Although using architecture as one of the creative methods, Leandro’s artworks are different to buildings in general. Zhou Yufang has pointed out that there is not much space for self-reflection in daily life architecture; however, in Leandro’s works, he utilizes a number of specular reflections to enable the self-examination in a heterogenous space. The public is shooting pictures and sharing them with each other in front of Leandro’s installations. That is one of the reasons that his works are easily disseminated around. “’Images’ are part of Leandro’s products, and this particular product is formed based on each individual’s intervention.
“The Confines of the Great Void” has broken regular exhibition modes in art museums with a strong interactive identity. Its popularity among the public has triggered a discussion in terms of its position between academic and commercial perspectives. Zhang Zikang, Director of CAFA Art Museum, has pointed out that the alleged “Internet celebrity”can only prove the exhibition’s success in raising concern among the public. It does not mean wakening its academic value. Taking and guaranteeing the academics as the premise, the existence of commerce is worthwhile. In Zhang Zikang’s point of view, Leandro’s work broadens people’s perceptions in terms of art and enables audiences to rethink the relationship between possibility and impossibility, reality and illusion, as well as ordinary and un-expected. “Leandro’s artworks enlighten us to think in cognition, to build up new knowledge while thinking. It also illuminates the direction of the education system in the future.”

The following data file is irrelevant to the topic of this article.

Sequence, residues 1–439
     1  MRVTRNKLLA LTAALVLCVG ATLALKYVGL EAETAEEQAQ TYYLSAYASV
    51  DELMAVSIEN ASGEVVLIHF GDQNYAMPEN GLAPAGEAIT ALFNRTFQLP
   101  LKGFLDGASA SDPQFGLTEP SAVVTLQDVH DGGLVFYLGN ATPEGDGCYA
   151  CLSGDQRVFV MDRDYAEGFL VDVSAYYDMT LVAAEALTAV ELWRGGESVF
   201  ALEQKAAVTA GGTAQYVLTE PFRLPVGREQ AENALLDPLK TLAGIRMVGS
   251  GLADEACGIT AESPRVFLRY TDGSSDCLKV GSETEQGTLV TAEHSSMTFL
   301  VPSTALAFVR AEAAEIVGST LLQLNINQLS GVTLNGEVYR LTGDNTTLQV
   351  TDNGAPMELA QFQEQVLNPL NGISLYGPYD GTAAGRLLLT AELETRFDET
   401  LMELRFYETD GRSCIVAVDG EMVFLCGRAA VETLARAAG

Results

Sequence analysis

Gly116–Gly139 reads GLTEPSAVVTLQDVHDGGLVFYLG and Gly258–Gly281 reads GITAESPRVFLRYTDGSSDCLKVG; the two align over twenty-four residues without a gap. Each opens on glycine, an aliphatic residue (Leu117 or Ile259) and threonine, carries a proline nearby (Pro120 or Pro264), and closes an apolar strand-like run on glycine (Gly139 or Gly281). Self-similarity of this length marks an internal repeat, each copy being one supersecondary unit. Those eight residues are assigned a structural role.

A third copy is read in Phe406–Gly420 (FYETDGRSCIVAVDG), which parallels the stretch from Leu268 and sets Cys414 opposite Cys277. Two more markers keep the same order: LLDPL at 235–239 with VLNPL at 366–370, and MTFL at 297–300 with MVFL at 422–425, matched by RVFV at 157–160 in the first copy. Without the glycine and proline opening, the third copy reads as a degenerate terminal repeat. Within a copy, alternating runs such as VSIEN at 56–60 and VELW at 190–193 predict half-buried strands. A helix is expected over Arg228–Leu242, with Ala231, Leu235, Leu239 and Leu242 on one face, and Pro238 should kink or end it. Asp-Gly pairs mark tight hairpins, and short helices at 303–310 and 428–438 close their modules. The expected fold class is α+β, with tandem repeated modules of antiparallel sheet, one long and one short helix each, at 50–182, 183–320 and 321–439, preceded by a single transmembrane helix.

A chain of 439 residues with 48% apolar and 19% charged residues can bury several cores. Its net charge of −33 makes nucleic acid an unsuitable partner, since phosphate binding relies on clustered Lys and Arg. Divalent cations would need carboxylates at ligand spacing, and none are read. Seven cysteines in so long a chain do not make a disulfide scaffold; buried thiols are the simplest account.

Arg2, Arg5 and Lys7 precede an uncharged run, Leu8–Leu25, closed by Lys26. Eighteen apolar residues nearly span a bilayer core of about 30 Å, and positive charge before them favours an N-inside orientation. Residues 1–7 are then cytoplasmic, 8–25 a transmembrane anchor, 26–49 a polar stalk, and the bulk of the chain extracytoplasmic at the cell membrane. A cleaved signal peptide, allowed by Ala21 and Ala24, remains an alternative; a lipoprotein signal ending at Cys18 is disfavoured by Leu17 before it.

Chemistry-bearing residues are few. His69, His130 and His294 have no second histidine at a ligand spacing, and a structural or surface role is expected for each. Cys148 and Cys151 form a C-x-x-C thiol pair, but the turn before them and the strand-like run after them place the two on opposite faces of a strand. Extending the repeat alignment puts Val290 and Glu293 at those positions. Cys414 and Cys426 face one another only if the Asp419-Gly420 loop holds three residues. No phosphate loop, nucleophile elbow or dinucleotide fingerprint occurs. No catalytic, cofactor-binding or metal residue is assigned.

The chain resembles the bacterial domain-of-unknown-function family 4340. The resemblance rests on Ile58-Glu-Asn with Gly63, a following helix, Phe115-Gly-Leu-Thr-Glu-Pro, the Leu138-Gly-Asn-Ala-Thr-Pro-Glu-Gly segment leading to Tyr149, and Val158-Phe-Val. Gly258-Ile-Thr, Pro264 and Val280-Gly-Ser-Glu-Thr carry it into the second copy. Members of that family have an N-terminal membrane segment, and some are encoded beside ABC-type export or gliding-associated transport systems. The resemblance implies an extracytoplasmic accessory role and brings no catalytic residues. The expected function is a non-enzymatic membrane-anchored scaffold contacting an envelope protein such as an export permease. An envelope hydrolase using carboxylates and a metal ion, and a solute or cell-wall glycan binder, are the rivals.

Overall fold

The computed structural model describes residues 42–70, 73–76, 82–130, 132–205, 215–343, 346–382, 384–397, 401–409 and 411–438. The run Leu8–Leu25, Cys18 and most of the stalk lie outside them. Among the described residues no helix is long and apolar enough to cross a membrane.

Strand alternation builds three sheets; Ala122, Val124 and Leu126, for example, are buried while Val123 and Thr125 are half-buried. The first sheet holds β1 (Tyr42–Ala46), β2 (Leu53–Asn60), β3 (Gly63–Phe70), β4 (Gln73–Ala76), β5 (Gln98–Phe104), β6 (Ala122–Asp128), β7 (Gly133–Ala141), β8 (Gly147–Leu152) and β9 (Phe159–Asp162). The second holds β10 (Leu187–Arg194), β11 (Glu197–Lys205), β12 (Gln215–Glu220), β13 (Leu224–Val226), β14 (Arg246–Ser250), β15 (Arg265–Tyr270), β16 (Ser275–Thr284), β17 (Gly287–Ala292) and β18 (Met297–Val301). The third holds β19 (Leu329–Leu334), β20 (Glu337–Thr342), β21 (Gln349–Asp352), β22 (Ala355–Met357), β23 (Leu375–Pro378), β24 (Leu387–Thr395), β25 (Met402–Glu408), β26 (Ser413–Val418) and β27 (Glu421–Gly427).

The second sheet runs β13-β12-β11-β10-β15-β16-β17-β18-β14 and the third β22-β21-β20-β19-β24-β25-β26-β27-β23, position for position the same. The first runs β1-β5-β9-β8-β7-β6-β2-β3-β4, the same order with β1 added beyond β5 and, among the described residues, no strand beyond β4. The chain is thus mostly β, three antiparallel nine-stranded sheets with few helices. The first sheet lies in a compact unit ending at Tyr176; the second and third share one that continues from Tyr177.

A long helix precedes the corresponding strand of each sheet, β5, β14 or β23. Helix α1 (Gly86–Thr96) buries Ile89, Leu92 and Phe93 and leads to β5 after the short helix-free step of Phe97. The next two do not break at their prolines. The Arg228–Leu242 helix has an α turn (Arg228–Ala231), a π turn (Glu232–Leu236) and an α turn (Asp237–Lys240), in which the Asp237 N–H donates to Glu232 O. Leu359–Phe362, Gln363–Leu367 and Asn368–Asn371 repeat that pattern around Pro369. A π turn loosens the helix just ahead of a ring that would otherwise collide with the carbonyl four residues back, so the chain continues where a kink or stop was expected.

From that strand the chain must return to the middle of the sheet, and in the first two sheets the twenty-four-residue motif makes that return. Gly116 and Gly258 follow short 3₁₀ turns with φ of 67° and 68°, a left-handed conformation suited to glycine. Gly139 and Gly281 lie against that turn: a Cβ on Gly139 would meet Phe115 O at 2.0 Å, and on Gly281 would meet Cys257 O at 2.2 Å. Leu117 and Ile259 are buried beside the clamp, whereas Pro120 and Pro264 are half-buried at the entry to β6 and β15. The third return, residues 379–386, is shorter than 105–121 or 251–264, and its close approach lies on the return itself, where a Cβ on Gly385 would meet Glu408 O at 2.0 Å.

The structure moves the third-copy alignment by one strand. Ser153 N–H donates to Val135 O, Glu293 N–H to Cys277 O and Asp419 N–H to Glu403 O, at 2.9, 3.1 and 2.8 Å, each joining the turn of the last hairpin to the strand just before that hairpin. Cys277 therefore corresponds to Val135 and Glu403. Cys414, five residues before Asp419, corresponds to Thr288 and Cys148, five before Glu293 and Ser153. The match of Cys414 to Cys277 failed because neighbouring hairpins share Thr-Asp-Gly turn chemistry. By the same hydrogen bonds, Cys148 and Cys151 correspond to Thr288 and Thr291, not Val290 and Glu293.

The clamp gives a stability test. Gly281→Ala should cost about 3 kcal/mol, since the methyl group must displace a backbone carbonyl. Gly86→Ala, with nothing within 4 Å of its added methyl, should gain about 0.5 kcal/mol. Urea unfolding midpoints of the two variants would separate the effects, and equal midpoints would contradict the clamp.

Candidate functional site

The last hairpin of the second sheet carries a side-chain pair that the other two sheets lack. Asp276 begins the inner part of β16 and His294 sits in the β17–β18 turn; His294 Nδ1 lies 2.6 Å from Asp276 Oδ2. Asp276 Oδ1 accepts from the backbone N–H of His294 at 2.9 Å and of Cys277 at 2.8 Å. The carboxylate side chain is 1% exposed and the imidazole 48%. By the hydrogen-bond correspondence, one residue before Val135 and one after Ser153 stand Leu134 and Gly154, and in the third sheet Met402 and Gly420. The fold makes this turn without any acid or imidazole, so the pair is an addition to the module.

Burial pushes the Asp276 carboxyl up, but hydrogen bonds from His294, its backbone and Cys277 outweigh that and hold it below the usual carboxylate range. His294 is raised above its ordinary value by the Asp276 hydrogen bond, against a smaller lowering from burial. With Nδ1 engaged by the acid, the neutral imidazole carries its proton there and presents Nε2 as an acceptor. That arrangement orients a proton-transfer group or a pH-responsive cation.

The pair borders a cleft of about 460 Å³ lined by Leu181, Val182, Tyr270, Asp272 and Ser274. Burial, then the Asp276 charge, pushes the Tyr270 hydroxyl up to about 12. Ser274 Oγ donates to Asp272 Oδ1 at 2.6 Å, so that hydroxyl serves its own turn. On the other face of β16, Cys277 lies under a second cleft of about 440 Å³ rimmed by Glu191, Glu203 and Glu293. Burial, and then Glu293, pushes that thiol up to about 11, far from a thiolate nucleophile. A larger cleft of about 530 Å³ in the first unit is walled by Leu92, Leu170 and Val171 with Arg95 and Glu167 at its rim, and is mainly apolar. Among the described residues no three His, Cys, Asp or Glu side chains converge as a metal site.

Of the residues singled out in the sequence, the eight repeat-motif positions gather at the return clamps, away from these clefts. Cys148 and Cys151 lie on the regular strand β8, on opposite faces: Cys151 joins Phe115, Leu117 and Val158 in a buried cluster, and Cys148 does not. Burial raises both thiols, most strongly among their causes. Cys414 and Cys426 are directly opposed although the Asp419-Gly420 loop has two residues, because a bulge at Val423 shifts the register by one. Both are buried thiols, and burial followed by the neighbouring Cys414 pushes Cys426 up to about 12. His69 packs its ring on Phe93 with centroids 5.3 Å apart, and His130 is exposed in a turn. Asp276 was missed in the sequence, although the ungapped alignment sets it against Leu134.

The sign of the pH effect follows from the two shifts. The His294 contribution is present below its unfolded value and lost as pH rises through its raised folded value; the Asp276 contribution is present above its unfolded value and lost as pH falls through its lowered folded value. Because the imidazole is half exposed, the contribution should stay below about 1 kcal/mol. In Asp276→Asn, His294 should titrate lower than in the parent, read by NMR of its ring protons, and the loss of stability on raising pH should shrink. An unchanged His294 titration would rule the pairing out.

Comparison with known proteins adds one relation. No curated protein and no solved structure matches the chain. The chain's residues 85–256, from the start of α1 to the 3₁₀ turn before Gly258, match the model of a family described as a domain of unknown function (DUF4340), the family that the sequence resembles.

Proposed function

In addition to the topics discussed above, participants in the following dialogue and Q&A sessions deeply discussed topics such as cultural symbols and the contradictory relationship between reflection and immersion etc. As an Argentine artist, Leandro creates his art without involving unique national identities. He references various local architectural styles in exhibition sites to design works adapted to the local culture instead. Thus, his works are able to develop a dialogue with the local culture.
Is there a contradiction between independent thinking and immersive experience? Some audiences raised this question in the Q&A session. When viewing Leandro’s artworks, the strong interactive identity would indeed attract most of the viewers’ attention. In this case, it would squeeze the time for reflection in terms of deep meanings behind artworks. In Leandro’s perspective, independent thinking and interactive identity are not contradictory with each other. First of all, immersing in artworks and reflecting on meanings behind artworks are not required to happen at the same time. Instead, one could think and reflect when he or she leaves art museums. Secondly, thinking is diversified, thus interaction and feeling themselves could trigger reflections as well.
Text by Xu Zijun
Translated by Emily Weimeng Zhou
Edit by Sue/CAFA ART INFO
Photo by Li Biao/CAFA Art Museum